After seeing Jeff's simple daily diet idea (which Clary posted here), I decided to give it a try and began using the Cron-O-Meter. It really made me see how I wasn't eating all of those starches (usually had just one serving a day), and now I'm feeling completely STUFFED, eating around 1200 kcals/day, and getting much more nutrition than I ever thought I could. Plus, this past week, I had one meal where I sauted some vegies in oil (the only time I added oil) , and my serving had 1 tsp of it--I didn't think anything of it (considered it that "5%"), but an hour later I had a rumbly tummy and had to use the bathroom...

So, instead of focusing on what I thought was the negative part of Dr McDougall's diet (no added fats), I SHOULD have been focusing on the positive--fill up on starches! Now, I know I've read this numerous times on this site, but for some reason (Clary's post along with Dr McDougall's newsletter), it finally clicked for me. I've been waiting for this "click" for years, and it finally happened. :)
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Postby JeffN » Sat Aug 02, 2008 8:35 am

momof4 wrote: So, instead of focusing on what I thought was the negative part of Dr McDougall's diet (no added fats), I SHOULD have been focusing on the positive--[b]fill up on starches! [/b]


...with the addition of fruits and veggies.

Thank You!

You just summarized 6 months and over 1000 posts of mine! :)

In Health
Jeff

PS dont forget to go for a walk!
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Re: Plant based diet vs starch based diet

Postby JeffN » Sun Aug 03, 2008 7:08 am

JeffN wrote: If you follow the guidelines and principles recommended here, you will cover the basics without having to count servings.

Let me expound on this.

If you follow a starch based diet with the addition of fruit and green and yellow veggies at each meal, and consume enough to maintain your healthy weight then your day "may" look something "generically" like this...

(using averages for calories and serving sizes)

Breakfast:
Whole Grains (2 cups) 320 calories
Fresh Fruit (1 cup) 120 calories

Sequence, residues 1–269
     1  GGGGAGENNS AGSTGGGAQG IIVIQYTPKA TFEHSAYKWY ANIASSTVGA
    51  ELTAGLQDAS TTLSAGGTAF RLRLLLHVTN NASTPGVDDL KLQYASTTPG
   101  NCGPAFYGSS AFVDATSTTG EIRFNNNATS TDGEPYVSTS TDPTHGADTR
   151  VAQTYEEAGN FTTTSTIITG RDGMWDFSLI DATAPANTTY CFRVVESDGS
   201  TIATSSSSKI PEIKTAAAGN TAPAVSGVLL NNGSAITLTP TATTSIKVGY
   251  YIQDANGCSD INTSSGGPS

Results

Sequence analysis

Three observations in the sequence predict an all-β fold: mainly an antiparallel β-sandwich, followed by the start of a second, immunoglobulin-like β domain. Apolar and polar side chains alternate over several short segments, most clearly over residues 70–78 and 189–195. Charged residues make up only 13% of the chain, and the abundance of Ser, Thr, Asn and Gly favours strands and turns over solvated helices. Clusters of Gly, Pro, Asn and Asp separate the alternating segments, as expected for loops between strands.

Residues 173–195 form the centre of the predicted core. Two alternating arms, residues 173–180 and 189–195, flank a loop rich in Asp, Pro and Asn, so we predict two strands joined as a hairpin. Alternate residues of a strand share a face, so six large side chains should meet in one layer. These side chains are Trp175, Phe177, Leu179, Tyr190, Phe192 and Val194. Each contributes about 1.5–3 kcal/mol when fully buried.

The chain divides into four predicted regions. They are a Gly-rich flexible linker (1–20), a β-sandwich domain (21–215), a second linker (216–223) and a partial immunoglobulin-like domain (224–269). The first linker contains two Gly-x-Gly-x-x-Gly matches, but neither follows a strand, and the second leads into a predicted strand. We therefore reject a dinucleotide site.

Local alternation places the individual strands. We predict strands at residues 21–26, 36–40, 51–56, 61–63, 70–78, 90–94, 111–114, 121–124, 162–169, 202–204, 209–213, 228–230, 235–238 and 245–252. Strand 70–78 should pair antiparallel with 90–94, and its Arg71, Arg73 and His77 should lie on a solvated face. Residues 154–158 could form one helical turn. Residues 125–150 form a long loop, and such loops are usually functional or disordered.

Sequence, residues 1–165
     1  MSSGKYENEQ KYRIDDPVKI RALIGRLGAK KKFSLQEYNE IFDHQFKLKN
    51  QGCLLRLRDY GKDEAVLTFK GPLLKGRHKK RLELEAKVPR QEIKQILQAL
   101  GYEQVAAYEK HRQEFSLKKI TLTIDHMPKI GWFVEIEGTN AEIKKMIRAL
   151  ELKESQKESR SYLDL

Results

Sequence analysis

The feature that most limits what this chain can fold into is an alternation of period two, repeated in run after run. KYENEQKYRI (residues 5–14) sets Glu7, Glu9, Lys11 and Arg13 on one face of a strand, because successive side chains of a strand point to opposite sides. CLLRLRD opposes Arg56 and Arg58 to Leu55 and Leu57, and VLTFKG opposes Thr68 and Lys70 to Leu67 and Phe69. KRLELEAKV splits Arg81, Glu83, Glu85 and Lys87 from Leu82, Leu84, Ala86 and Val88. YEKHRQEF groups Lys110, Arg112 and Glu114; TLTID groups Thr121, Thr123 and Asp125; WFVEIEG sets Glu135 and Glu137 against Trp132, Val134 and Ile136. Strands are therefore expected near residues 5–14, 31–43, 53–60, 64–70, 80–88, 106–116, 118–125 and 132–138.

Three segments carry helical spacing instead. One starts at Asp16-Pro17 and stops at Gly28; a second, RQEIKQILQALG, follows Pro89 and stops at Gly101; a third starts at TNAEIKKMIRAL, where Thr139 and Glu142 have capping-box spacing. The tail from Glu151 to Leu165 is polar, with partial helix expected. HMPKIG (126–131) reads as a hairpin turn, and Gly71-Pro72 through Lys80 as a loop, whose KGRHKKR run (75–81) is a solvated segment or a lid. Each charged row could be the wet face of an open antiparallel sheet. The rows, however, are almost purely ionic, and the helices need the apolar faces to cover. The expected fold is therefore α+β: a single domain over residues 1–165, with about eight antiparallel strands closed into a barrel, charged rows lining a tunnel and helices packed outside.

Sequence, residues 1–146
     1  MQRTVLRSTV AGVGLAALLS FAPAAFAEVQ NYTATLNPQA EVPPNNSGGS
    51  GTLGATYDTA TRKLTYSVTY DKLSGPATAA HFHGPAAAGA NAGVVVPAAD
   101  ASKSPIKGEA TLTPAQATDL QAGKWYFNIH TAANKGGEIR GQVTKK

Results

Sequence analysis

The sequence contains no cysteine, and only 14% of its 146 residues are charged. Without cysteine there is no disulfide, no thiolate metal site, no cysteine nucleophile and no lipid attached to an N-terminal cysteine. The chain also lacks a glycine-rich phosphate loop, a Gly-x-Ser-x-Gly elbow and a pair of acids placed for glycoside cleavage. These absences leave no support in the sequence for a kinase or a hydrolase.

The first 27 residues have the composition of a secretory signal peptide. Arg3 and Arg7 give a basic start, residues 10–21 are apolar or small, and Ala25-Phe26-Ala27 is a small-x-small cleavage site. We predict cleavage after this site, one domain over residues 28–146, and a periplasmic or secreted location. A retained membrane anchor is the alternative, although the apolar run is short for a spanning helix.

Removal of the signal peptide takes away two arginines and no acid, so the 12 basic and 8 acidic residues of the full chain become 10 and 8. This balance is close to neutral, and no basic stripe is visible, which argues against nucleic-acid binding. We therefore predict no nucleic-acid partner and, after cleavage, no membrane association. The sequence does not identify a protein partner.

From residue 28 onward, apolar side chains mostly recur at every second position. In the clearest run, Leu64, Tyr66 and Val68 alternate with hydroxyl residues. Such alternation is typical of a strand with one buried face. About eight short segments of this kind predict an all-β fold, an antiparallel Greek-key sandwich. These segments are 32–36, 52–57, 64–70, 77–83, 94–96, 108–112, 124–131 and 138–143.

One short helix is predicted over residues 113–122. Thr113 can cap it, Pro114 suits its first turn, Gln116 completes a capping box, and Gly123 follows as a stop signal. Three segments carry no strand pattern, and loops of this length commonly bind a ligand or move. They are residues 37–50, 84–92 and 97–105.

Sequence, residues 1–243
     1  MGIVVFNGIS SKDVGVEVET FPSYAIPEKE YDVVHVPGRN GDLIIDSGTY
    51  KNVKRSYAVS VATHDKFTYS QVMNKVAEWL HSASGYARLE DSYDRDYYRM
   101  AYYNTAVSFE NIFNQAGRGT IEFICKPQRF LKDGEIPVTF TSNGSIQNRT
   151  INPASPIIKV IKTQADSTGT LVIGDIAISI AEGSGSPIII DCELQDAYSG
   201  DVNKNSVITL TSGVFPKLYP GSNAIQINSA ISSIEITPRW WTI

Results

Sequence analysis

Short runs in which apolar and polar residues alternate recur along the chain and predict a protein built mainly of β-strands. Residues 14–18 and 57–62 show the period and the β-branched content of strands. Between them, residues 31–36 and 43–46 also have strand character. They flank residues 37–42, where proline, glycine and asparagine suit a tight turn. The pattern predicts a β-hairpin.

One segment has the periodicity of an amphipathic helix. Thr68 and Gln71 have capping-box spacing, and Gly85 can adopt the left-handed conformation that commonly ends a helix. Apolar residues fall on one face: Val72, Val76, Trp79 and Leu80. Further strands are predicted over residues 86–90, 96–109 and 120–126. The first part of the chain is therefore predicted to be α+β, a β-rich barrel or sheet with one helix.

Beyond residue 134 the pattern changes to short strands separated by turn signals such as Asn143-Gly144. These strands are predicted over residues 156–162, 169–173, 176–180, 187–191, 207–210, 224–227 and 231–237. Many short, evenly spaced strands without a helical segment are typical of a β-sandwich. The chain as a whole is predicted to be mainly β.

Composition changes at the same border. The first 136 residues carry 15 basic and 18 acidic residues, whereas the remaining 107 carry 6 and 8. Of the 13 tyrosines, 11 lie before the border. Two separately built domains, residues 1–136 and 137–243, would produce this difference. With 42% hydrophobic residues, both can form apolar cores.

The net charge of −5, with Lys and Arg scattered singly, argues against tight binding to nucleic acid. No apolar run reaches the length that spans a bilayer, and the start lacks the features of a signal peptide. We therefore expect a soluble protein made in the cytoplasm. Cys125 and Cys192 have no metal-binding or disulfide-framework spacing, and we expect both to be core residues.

Lunch:
Starchy Vegetable (2 cups) 320 calories
Legumes (1/2 cup) 120 calories
Veggies (2 cups of salad, soup and/or steamed veggies) 100 calories
Fruit (1 serving) 60 calories

Dinner:
Starchy Vegetable (2 cups) 320 calories
Legumes (1/2 cup) 120 calories
Veggies (2 cups of salad, soup and/or steamed veggies) 100 calories
Fruit (1 serving) 60 calories

Thats 12 servings of Starchy Veggies/Whole Grains and 960 calories

Thats 3 servings of Legumes and 240 calories

Thats 8 servings of veggies and 200 calories
Thats 4 servings of fruit and 240 calories

thats 12 servings of fruits and veggies but only 1640 calories.

Of course, you could adjust the fruits, veggies, starchy veggies, etc up or down somewhat to fit your own preference, but the end results would be fairly similar.

And for those who want, add in a serving of nuts/seeds or avocado and that's another 175 calories and you are at ~1800 calories.
Not bad! And simple and easy.

BTW, those are also some fairly large sized and filling meals. :)

In Health
Jeff

PS when neighbors, friends and families ask me how many servings of fresh fruits veggies, starchy veggies, intact whole grains and legumes they should eat or feed to their children, my answer is always the same ...

....as much as you can.


Just a note:

The above "example" was provided only as an example of what a day "might" look like when following a "starch based" diet with the addition of fruits and vegetable and also achieve the recommendations of at least "5-9" fruits & veggies a day. If you were to follow it, that would be OK & as I mentioned, it is a lot of food for not many calories. But do not feel obligated to follow it to the "T".